I’ve been talking about the Santa Claus God for years, but was surprised when the wonderful piece by Tony Snow about facing terminal cancer used the same phrase. I thought I made it up! Goes to show that there is some sort of universal “thing” that is more than six degrees of separation away helping us to figure out the things that happen in our lives and to accept the ones we can't figure out.
When my kids were small, especially the younger ones. I was a pretty inept Santa. I left packages they could peek into, and Sarah wasn't much over three when she called me out. "You buy us all that stuff Santa brings us, don't you."
We kept up the pretense, as most families in the United States do, but it never was quite the same again. Reality had taken away the magical part, and it was up to real humans to find special gifts of love.
When I was little, my prayers to God and Santa were offered in the same breath. Please, please, please bring/give me.... I'm sure Mama reminded us to be thankful, and the only spiritual lesson I ever got from my daddy was that I shouldn't eat a meal without saying Grace. I learned a lot of prayers in Confirmation class, and could identify Prayers of Petition and Prayers of Contrition, and Prayers of Thanksgiving when I saw them. That was pretty much the extent of my prayer life until Walker was born.
It's sometimes difficult to get past the childish images we have of God, especially when something bad happens in life that we can’t understand at all. I’m talking about the really big things that you just know you didn’t deserve.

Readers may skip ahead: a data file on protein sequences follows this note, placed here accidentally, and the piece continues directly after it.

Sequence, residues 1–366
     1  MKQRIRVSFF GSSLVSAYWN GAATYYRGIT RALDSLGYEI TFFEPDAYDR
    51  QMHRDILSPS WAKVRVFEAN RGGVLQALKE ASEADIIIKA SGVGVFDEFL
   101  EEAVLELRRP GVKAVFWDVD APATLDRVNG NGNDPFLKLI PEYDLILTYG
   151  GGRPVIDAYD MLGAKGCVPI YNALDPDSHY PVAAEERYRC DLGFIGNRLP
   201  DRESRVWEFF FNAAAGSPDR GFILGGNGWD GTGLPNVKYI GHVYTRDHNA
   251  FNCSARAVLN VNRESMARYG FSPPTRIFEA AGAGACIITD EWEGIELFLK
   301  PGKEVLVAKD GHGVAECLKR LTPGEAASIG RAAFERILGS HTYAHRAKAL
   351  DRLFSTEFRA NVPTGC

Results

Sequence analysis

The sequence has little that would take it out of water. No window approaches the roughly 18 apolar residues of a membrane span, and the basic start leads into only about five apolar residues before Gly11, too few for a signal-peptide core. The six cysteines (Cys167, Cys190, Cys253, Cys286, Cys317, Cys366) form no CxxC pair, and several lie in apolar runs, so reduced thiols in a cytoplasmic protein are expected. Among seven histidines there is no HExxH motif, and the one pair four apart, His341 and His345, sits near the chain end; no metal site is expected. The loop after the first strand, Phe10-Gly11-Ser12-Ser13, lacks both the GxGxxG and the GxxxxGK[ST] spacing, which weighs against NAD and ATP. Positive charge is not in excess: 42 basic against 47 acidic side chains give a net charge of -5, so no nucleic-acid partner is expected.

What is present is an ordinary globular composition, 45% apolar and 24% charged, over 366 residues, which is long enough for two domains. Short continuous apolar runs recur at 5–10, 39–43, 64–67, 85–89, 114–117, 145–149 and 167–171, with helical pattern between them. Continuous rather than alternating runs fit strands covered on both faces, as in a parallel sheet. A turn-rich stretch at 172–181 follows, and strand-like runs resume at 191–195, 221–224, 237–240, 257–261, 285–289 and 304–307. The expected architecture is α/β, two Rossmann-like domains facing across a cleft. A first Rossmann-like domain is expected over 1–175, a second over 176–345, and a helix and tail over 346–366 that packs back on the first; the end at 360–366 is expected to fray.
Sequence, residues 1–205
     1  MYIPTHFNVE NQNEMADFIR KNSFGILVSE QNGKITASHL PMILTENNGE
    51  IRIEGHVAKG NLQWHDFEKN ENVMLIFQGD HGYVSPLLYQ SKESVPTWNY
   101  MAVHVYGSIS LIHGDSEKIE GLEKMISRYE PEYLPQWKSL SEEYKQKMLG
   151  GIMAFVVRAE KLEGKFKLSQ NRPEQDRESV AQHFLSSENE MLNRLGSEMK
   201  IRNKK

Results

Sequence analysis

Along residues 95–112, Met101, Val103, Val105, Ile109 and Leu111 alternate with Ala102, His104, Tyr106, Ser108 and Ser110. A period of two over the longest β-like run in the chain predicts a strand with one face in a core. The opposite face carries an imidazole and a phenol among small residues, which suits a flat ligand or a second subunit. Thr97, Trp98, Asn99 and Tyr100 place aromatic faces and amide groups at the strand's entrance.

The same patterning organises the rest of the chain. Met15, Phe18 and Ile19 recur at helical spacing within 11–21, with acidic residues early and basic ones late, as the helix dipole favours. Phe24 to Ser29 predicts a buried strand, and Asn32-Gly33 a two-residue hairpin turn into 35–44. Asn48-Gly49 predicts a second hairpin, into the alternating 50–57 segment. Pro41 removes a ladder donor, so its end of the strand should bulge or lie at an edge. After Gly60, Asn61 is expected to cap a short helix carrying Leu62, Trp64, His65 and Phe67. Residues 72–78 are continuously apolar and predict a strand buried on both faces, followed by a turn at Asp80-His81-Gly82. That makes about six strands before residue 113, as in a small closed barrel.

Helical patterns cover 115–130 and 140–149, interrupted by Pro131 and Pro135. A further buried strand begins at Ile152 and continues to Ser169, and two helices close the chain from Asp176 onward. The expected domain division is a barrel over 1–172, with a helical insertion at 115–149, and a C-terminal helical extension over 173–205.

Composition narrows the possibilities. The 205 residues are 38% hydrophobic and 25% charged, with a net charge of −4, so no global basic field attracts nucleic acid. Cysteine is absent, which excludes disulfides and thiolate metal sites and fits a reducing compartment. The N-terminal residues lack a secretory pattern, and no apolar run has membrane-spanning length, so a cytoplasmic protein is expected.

Of course, none of us are good enough, or bad enough, to deserve the life we get. The idea of God having a list and checking it twice to see who was worthy of His Grace is replaced for most Christians by the idea that Christ died for us. Some other cultures and religions have a more basic philosophy which you hear voiced often today, "What is, is." I have come to believe that whatever we believe that makes the bad times easier must be sent from God.
Soon after Walker was born, I attended a kind of ecumenical revival meeting called “Faith Alive.” The guy who led the group encouraged us to pray for what we really want, and said that if we had “faith” God would give it to us. He had prayed to be rich and successful, and he was.
I went home that night and put my faith in God on the shelf for a long time. I was no good at faith.
I read books that I thought might help me understand, but really didn’t. I had visits with a couple of priests that maybe helped me understand a bit better, but not really. I knew that I couldn't pray enough to fix my little baby, and that's definitely what I really wanted. I didn't need for anyone to tell me that sometimes God's answer is no. All the information I had read on Down Syndrome told me that.
I didn’t realize it when it happened, but gradually, a new image of God’s Grace became a part of me. It was hand delivered through the all the people who worked with Walker, and especially through our friends and family who showed their concern by simply being there with us. It shone forth in his first smile and in the love his sisters showed to him. It comes when he progresses to a new level of achievement in his speech and when I see him through the window of the store, diligently sacking groceries without complaint.
I know that I’ve never been good enough to get enough gold stars to deserve all the great gifts God has bestowed on me,or have I been evil enough to earn the heartaches that have come my way. Through all the good and bad, though, God has been with me through loved ones.
I hope I’ll show God’s Grace to someone today. I hope I’ll not blame God for the bad things and will remember that He brings all good gifts, even if they aren’t in the packaging we expect.